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Showing posts from May, 2016

Lost your image file? No problem!

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If you do not have a digital file of your graphic but you have access to an item with the graphic printed on, embroidered on, tattooed on, or otherwise visible on an item, we may be able to reproduce your image in multiple formats including vector AI, CDR, EPS, SVG and more.

Take a photo of the item with the graphic on it and email it to us. A scan of the item would work much better because there won't be any distortion* but we can also work with a photo as a last resort.





*Distortion Problems
When using a photograph of a graphic as a reference, rather than a flat scan, the photographs will show the graphic in perspective (distorted). We will have to guess as to how the artwork might have looked originally.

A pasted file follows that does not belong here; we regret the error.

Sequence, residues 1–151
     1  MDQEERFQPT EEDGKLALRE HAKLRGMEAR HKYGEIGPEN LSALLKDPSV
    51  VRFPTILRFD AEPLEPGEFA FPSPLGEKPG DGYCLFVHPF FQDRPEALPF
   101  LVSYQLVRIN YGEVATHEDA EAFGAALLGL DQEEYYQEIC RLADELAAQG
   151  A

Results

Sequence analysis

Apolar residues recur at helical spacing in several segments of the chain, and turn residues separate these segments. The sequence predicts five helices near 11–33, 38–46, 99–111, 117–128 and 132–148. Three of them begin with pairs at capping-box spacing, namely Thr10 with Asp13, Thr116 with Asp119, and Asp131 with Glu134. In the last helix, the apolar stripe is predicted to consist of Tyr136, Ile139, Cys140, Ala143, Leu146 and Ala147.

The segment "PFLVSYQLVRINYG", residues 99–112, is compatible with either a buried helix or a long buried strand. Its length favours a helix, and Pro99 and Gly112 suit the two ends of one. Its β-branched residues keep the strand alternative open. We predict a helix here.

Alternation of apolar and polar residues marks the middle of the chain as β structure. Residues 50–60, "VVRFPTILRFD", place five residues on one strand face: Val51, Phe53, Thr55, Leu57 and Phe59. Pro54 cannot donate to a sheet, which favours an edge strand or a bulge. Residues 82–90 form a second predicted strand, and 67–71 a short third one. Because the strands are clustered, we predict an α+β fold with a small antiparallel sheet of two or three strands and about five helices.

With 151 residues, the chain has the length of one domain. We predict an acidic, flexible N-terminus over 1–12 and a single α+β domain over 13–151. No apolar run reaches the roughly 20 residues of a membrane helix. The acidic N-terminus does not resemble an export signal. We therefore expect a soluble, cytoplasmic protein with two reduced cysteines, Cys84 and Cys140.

If at all possible, a flat scan of the product with the graphic on it will work best.



If a scan is not available, we can still try to correct any distortion but the new graphic we create will most likely not be identical to your original file if we do not have the original to com…

Raster vs Vector

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There are two main type of image files: Raster and Vector. Raster images are created with pixel-based programs or captured with a camera or scanner. They are more common in general such as jpg, gif, png, and are widely used on the web. Vector graphics are created with vector software and are common for images that will be applied onto a physical product. Also used in CAD, engineering, and 3D graphics.


When using a raster program you paint an image and it's similar to dipping a brush in paint and painting. You can blend colors to soften the transition from one color to another.

When using a vector program you draw the outline of shapes: and it's similar to creating an image with tiles of all different shapes and sizes. e.g. an eye shape, a nose shape, a lip shape. These shapes called objects display one single color each.

A lot of images can be made with either raster or vector program and look exactly the same on both programs. Images with a subtle gradation of one color to an…